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ORIGINAL RESEARCH article

Front. Cell Dev. Biol., 08 June 2021 | https://doi.org/10.3389/fcell.2021.683199

Aldose Reductase B1 in Pig Seminal Plasma: Identification, Localization in Reproductive Tissues, and Relationship With Quality and Sperm Preservation

  • 1Biotechnology of Animal and Human Reproduction (TechnoSperm), Institute of Food and Agricultural Technology, University of Girona, Girona, Spain
  • 2Unit of Cell Biology, Department of Biology, Faculty of Sciences, University of Girona, Girona, Spain
  • 3Department of Medicine and Animal Surgery, Faculty of Veterinary Medicine, University of Murcia, Murcia, Spain
  • 4Department of Veterinary Medical Sciences, University of Bologna, Bologna, Italy

Aldose reductase B1 (AKR1B1), a NADPH-dependent enzyme that belongs to the aldo-keto reductase protein superfamily, has been reported to be involved in both male and female reproductive physiology. The objectives of this study were: (1) to evaluate the concentration of SP-AKR1B1 in pig ejaculate fractions; (2) to describe the immunohistochemical localization of AKR1B1 alongside the boar genital tract; (3) to evaluate the relationship between SP-AKR1B1 and sperm quality/functionality parameters. Ejaculates from seven boars (one ejaculate per boar) were collected in separate portions [the first 10 mL of the sperm rich fraction (SRF-P1), the rest of the SRF (SRF-P2), and the post-SRF (PSRF)], and the concentration of SP-AKR1B1 was assessed using an enzyme-linked immunosorbent assay (ELISA). Immunohistochemistry and immunoblotting targeting was conducted in the reproductive tissues of these boars. Additionally, the entire ejaculates of 14 boars (one ejaculate per boar) were collected and split into three separate aliquots for: (i) SP-AKR1B1 quantification; (ii) assessment of sperm concentration and morphology; and (iii) evaluation of sperm quality and functionality parameters upon ejaculate collection (0 h) and after 72 h of liquid storage at 17°C. Concentration of AKR1B1 in the SP of SRF-P1 (458.2 ± 116.33 ng/mL) was lower (P < 0.05) than that of SRF-P2 (1105.0 ± 229.80 ng/mL) and PSRF (1342.4 ± 260.18 ng/mL). Monomeric and dimeric AKR1B1 forms were expressed alongside the reproductive tissues, except in the bulbourethral glands. No relationship between SP-AKR1B1 and sperm quality/functionality parameters was observed either at 0 h or after 72 h of storage at 17°C. In conclusion, AKR1B1 is expressed in the reproductive organs of boars (except bulbourethral glands) and a higher concentration is found in the PSRF suggesting that seminal vesicles would be the main secretory source. However, this enzyme does not appear to be related to sperm quality/functionality or to the sperm ability to withstand liquid storage at 17°C.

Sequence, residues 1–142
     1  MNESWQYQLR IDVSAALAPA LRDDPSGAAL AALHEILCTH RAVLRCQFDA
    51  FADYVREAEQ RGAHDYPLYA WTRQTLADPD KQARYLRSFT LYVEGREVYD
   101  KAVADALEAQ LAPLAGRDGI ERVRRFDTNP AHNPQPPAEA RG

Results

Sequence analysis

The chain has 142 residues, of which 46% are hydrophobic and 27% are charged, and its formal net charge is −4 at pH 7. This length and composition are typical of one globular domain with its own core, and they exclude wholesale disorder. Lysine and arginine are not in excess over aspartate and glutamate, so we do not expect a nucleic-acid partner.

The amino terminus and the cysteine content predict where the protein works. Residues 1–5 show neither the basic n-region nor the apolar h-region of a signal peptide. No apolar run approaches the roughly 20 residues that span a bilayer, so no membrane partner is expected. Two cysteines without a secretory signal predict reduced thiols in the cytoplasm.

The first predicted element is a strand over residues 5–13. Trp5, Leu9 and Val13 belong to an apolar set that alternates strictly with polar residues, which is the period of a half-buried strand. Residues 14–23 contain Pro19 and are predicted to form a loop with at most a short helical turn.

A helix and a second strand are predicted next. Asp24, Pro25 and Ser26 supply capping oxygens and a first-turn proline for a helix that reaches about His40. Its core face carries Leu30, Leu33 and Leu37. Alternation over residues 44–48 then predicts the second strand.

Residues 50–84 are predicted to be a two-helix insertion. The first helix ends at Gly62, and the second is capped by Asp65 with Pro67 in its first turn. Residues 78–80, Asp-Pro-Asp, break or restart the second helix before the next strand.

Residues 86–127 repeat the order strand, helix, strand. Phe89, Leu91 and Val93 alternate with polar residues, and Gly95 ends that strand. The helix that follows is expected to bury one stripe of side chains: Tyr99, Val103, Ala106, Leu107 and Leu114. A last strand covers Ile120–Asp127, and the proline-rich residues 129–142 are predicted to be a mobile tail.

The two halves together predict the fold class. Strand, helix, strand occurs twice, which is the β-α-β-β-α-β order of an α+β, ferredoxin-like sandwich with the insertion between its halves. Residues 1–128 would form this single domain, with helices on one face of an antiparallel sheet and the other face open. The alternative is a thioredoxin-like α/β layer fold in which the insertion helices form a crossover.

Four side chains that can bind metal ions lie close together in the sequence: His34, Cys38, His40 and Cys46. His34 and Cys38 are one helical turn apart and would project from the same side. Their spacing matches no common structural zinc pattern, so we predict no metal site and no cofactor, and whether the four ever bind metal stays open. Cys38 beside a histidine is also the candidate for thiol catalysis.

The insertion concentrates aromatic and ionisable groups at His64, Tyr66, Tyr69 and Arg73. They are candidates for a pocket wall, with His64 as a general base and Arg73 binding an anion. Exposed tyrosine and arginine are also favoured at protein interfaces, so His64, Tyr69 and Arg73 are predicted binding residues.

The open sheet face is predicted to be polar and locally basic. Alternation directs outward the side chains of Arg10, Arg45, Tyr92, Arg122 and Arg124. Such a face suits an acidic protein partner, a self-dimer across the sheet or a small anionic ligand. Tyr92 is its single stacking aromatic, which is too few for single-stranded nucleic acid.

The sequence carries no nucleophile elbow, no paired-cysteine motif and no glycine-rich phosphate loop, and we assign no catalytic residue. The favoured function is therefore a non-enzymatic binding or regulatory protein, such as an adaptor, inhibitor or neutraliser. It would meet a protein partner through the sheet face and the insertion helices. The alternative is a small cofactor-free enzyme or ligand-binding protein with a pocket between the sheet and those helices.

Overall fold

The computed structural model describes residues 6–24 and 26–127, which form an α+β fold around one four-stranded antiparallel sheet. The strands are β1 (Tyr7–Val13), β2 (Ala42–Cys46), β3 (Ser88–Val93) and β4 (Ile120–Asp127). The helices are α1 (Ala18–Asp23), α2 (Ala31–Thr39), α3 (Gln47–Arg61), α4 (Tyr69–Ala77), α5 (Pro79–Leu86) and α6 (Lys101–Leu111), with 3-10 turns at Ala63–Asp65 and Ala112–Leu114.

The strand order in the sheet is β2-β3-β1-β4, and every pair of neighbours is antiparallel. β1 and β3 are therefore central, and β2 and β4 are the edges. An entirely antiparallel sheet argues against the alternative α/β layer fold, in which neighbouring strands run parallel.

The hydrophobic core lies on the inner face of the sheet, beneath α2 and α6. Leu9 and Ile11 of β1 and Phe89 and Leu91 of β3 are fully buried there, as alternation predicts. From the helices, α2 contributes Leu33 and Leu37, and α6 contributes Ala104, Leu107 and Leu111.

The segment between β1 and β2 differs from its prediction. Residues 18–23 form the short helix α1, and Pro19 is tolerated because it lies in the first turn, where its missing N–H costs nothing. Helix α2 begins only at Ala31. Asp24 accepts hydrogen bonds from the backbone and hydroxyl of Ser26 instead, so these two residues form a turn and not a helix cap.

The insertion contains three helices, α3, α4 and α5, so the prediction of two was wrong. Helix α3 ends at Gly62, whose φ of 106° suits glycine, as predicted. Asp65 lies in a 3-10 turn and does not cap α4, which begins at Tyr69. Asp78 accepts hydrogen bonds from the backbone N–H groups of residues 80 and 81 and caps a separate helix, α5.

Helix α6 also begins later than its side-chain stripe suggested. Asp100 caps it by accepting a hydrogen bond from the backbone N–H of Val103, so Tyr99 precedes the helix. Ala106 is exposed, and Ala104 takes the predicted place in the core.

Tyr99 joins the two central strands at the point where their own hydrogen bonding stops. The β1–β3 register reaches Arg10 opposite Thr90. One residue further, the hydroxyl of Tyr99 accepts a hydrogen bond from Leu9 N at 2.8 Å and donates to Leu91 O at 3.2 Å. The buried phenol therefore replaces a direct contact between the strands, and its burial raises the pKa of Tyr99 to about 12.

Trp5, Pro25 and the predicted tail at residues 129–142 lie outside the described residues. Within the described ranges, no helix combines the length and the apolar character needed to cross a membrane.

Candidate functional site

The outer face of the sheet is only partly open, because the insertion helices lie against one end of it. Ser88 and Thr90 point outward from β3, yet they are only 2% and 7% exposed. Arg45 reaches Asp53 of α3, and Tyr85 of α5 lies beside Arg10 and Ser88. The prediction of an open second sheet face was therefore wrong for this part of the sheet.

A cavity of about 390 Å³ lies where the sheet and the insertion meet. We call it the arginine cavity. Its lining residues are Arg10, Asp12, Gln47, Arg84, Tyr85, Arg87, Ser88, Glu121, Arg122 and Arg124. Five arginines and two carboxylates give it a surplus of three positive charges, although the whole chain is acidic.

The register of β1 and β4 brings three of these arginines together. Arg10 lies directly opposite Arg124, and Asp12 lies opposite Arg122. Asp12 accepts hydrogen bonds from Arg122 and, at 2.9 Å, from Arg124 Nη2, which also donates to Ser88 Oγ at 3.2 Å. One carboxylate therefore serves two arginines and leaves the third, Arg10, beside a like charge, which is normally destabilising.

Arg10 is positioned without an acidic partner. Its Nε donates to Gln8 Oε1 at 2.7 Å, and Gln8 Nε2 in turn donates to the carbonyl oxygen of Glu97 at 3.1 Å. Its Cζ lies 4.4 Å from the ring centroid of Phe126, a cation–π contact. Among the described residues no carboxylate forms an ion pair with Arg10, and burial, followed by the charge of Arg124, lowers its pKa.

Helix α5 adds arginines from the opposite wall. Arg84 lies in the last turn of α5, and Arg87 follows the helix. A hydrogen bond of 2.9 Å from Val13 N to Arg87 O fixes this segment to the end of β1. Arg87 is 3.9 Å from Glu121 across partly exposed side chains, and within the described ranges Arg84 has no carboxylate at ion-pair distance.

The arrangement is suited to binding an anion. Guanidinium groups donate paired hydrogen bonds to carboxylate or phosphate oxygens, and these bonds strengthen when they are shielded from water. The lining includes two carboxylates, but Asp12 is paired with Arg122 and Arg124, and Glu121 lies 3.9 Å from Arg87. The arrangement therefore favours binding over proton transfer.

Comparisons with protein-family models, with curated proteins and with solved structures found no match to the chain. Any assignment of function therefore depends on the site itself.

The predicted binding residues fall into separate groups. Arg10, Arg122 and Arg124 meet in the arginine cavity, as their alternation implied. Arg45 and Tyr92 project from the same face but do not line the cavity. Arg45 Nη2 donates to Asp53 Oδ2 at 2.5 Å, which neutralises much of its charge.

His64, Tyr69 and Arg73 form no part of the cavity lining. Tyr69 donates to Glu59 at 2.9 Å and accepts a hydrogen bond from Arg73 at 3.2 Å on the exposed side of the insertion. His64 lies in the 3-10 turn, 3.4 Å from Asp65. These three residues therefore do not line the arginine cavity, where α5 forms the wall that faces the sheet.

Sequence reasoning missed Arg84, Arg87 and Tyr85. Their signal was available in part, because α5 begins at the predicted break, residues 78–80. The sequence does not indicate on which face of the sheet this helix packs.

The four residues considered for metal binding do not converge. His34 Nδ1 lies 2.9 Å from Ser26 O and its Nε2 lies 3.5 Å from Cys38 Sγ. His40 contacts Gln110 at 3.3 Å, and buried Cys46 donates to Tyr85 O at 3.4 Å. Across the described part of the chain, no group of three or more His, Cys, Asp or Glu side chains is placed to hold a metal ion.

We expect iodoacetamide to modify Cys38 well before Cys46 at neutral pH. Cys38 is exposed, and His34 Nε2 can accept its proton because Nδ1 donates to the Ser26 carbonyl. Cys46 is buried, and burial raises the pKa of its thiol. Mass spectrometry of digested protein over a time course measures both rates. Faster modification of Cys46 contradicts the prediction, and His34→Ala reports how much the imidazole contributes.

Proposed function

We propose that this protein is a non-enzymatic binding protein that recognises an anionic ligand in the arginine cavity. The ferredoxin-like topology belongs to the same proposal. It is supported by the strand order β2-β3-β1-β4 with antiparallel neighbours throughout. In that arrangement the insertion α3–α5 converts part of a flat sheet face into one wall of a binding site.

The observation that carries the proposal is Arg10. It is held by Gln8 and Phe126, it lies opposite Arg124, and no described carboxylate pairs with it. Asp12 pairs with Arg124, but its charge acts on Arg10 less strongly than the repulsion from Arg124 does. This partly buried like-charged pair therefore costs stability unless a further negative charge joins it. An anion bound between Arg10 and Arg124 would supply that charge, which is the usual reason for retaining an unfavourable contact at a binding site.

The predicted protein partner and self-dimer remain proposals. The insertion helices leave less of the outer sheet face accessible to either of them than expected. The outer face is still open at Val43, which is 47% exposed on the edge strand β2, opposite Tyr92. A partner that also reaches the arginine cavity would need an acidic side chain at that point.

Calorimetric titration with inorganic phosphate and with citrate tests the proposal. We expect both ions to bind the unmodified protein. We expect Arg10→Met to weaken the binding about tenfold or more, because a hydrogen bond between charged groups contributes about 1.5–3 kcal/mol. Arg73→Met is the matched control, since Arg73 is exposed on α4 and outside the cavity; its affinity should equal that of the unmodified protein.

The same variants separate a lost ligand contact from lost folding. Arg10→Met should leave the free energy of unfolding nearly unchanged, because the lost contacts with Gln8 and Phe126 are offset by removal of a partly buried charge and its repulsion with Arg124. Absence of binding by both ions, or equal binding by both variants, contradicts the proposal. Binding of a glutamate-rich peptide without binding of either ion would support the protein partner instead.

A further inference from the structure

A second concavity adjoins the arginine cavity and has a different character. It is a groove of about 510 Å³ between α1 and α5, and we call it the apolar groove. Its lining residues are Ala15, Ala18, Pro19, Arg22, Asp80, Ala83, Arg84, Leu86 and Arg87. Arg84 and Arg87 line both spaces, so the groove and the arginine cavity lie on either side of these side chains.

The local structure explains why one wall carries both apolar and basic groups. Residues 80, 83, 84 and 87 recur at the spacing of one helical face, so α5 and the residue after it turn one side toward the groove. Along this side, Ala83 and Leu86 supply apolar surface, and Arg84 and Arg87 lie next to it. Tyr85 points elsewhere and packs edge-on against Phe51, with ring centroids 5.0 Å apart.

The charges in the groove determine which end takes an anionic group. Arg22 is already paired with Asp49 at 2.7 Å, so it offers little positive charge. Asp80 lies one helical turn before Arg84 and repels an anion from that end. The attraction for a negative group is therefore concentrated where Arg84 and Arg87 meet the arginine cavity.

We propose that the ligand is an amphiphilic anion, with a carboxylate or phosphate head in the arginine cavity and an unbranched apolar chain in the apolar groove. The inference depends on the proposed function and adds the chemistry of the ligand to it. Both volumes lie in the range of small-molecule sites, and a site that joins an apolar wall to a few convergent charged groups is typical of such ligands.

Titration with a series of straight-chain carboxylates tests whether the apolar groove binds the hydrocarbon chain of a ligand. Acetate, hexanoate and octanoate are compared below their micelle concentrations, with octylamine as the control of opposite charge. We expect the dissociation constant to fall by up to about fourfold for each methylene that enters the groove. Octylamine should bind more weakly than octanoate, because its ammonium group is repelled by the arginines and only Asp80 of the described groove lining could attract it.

Introduction

Aldose reductase B1 (AKR1B1 or ALR2), a NADPH-dependent enzyme that belongs to the aldo-keto reductase protein superfamily (Bohren et al., 1989; Hyndman et al., 2003), has been reported to play an essential role in both male and female reproductive systems in humans (Bresson et al., 2011), cattle (Frenette et al., 2004; Girouard et al., 2009), rats (Kobayashi et al., 2002), sheep (Yang et al., 2019), and pigs (Steinhauser et al., 2016; Pérez-Patiño et al., 2018). This enzyme is known to be involved in the polyol pathway for fructose production, specifically in the conversion of glucose into sorbitol (Kobayashi et al., 2002). Interestingly, this pathway has been observed to occur during both epididymal sperm maturation in humans, cattle, and mice (Frenette et al., 2004, 2006; Jagoe et al., 2013) and conceptus peri-implantation period in pigs (Steinhauser et al., 2016). On the other hand, aldo-keto reductase enzymes have also been found to be implicated in catalyzing the reductive detoxification of carbonyl compounds within the genital tract of rat males (Kobayashi et al., 2002; Iuchi et al., 2004) and in prostaglandin 2 α synthesis (PGF2α) in pigs and humans (Bresson et al., 2011; Seo et al., 2014). As previous studies reported that AKR1B1 is expressed in the endometrium of humans (Bresson et al., 2011) and pigs (Seo et al., 2014) and is involved in PGF2α synthesis, it has been suggested that it could ultimately modulate conceptus implantation through regulation of endometrial gene expression in mammals (Kennedy et al., 2007; Seo et al., 2014). Finally, and reinforcing the belief that this protein plays a major role in reproduction, an in-depth proteomic analysis of pig seminal plasma (SP) revealed that AKR1B1 is positively related to in vivo fertility outcomes (Pérez-Patiño et al., 2018).